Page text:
|PHILLY BOXING HISTORY - June 27, 2014||
Story by John DiSanto
Four Philly-area fighters, Ronald Cruz, Dennis Hasson, Anthony Caputo Smith and Taneal Goyco, made the trip to Las Vegas to box on a nationally televised Golden Boy card at the Hard Rock Hotel & Casino Friday night, and all four tasted defeat in their separate bouts. Of the four boxers, only Hasson was expected to come away with a victory Friday night, but he too suffered a loss, the first of his rebooted boxing career.
In his second bout as an Al Haymon protégée, the formerly undefeated Hasson, 16-1, 6 KOs, was matched with hard knocks opponent Tyrell Hendrix in a scheduled 8-round light heavyweight bout.
Hasson was the third straight undefeated foe placed in front of Hendrix, who was riding a bumpy 1-3 streak, with all three of those recent losses by stoppage - including a first round wipeout by Philly's Jesse Hart. So Hendrix was there to fall down against Hasson. However, the Californian had other ideas.
Hendrix, now 11-4-2, 4 KOs, dropped Hasson twice and halted him at 2:59 of round four when referee Kenny Bayless stopped the contest after his second trip to the canvas.
The loss may just be a temporary bump in the road for Hasson. But his six-year career has been an arduous journey with numerous stall-outs, injuries, and a revolving parade of managers. Recently, with Haymon and new trainer Billy Briscoe in place, it seemed that Hasson was finally on the path to find out how far he can go in the sport. Let's hope this wasn't the answer. Only time will tell.
In the main event of the evening (and the only of these fights to be televised) former Olympian Errol Spence blanked Bethlehem, PA's Ronald Cruz over ten tough rounds that were difficult to watch.
Cruz, 20-4, 15 KOs, brought plenty of toughness with him to Las Vegas. All night long, Ronald hung in there and took a frightful beating from the undefeated rising star. Spence, 13-0, 10 KOs, looked extremely sharp and was head and shoulders ahead of Cruz in terms of talent.
Spence won every round of the fight, and dished a landslide of punches that dwarfed Cruz' output in the official stats. The punishment started in round one and kept coming until the final bell. Spence showed the ability to do everything except being able to floor or finish Cruz.
Cruz showed guts and grit, but was never in the fight. This was his second straight loss, and the fourth in his last seven bouts. Each of his defeats have been tough 10-round decision losses.
Going into the fight, few gave Cruz a chance of winning. In fact, Spence's fine pedigree even had many believing Cruz would suffer his first knockout loss. However, Ronald was too tough and too proud to let that happen, and remained on his feet until the very end.
In doing so, Cruz took much punishment during the 30 minutes of action, something he should have been spared by his corner. Yes, Cruz moves on with the bragging rights that he's never been stopped, but the loss could prove more damaging than a merciful stoppage ever would have.
I would have liked to have seen someone in Ronald's corner step up and do the right thing. He had had enough and wasn't begging to continue. Rather it was his trainer begging him to do something - something Ronald could not do on this night. Cruz' corner put him in danger and probably put the cap on his slumping career. Sometimes nights like these are hard for a fighter to shake.
Some may say it doesn't matter either way, that Ronald has reached, and now passed, his peak as a fighter. But I think it does matter. Most fighters don't know how to quit, and it is the job of the corner, the people who know him best, to offer a boxer protection from his pride.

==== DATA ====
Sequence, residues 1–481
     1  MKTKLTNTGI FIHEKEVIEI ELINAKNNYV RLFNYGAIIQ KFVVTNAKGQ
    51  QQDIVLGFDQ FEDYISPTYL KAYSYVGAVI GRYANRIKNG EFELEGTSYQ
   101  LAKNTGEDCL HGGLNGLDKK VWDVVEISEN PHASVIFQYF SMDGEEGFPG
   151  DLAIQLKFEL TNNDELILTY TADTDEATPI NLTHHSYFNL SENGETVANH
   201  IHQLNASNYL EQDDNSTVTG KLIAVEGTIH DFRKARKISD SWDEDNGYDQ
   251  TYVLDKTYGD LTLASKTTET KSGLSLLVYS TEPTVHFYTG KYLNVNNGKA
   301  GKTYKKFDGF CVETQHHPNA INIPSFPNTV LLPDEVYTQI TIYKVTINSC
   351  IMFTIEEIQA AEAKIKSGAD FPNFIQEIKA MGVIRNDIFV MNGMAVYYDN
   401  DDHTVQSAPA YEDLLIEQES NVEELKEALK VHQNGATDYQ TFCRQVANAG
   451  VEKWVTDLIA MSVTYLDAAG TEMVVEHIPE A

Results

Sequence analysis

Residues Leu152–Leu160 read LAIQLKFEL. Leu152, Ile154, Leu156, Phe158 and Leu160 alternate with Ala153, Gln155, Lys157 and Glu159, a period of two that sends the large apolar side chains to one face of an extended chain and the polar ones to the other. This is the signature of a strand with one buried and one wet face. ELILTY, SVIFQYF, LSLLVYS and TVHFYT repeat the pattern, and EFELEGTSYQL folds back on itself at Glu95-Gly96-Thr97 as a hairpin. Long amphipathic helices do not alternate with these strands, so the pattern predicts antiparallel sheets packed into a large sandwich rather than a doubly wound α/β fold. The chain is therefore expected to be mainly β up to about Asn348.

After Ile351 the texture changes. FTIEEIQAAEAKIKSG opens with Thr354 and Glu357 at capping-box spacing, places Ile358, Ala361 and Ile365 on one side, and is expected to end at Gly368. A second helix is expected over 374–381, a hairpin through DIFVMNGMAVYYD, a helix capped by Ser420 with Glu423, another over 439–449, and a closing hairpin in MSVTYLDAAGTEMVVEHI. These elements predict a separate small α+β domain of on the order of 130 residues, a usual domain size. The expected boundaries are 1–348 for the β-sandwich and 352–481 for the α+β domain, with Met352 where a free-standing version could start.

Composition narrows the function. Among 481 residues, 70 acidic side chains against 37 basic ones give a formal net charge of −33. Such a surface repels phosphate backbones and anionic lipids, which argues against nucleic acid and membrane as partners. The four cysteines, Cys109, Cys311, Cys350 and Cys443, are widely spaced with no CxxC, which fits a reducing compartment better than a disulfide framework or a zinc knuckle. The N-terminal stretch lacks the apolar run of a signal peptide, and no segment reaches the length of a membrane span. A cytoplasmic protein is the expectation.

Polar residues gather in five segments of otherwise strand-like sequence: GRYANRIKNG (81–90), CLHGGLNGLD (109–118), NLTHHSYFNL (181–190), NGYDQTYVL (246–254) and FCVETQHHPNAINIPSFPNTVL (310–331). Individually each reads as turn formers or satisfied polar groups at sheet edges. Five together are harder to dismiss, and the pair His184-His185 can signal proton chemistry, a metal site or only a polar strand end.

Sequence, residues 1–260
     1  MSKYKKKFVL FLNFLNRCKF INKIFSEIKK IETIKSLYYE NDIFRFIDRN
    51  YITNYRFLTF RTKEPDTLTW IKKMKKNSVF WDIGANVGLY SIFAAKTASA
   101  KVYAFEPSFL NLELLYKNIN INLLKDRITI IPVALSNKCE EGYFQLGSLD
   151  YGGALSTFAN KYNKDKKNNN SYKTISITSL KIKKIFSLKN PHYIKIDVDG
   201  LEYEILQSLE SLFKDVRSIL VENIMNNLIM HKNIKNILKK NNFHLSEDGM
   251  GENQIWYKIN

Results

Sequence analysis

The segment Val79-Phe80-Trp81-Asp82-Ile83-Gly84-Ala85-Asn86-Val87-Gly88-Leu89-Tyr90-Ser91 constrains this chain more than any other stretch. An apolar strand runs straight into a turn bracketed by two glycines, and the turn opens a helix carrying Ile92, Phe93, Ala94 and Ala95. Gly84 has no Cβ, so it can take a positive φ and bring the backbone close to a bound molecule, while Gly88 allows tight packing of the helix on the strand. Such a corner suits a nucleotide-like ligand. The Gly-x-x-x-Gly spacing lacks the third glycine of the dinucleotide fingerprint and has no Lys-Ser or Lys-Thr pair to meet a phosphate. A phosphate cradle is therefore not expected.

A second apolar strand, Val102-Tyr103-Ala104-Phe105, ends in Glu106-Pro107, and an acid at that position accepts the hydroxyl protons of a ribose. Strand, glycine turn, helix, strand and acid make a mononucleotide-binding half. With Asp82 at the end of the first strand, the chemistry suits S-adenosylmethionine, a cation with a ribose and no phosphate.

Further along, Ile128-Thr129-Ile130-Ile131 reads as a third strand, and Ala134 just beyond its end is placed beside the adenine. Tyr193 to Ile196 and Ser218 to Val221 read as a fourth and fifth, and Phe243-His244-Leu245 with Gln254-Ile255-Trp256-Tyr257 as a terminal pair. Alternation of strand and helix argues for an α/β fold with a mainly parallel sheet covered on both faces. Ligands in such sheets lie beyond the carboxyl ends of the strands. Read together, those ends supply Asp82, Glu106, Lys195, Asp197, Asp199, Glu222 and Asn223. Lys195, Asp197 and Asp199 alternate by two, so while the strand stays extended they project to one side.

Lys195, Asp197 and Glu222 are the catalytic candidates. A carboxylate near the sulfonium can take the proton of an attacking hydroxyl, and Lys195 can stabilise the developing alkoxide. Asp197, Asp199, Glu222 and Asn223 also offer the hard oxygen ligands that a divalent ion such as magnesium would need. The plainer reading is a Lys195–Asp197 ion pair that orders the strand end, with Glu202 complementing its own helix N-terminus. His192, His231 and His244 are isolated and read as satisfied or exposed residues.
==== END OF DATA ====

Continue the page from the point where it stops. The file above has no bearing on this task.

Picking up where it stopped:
Cruz should not feel any shame in this loss, however. He was brave on a night when he was in way over his head and nothing was going his way. He is a fighter who did his best.
Who knows what comes next for him? At just 27, he could fight on quite a bit further. He's still an attraction in his hometown of Bethlehem, and would be welcome back in Philadelphia any time. He comes to fight and probably will be eager to show everyone that he can do better than he did against Spence.
However the young husband and father could also hang up his gloves and find something better to do. He's had a good career, even if it ends right now. Either way, I await his next move and wish him luck.
Anthony Caputo Smith also fought on this card, facing BJ Flores in an 8-round heavyweight bout. Flores has been more of a broadcaster than a fighter over the past two years, but continued his comeback nonetheless. Flores earned an easy unanimous decision over the tough fighter from Kennett Square, PA.
All three official judges scored the fight an 80-72 shutout for Flores, which raised his record to 30-1-1, 19 KOs. Smith, a big attraction in Chester, PA, returns to the East Coast with a 15-3, 10 KOs, record.
South Philly's Taneal Goyco, 6-7-1, 3 KOs, has been on the opponent track for most of his career, and despite two recent consecutive victories (his longest winning streak since his first three pro bouts), continued to try his luck against young rising talent.
Goyco faced NJ's undefeated John Magda in a super middleweight bout on the Vegas card, but fell to the rising prospect in round four. Referee Kenny Bayless stopped the bout at 2:24 of the fourth.
The loss dropped Goyco below the .500 mark. Magda improved to 7-0 with 6 KOs.
All in all, it was a tough night for our local boxers.
The big Philly winner on this night perhaps was light heavyweight Yusaf Mack who was originally slated to face former Olympian Marcus Brown, of Staten Island. Mack pulled out of his scheduled 10-rounder as the bout approached, and Browne instead blasted out substitute Donta Woods in just 91 seconds.
With the way things were going last night, Mack may have dodged a bullet. I'm glad he ended up staying home.
The card was promoted by Golden Boy and televised by Showtime.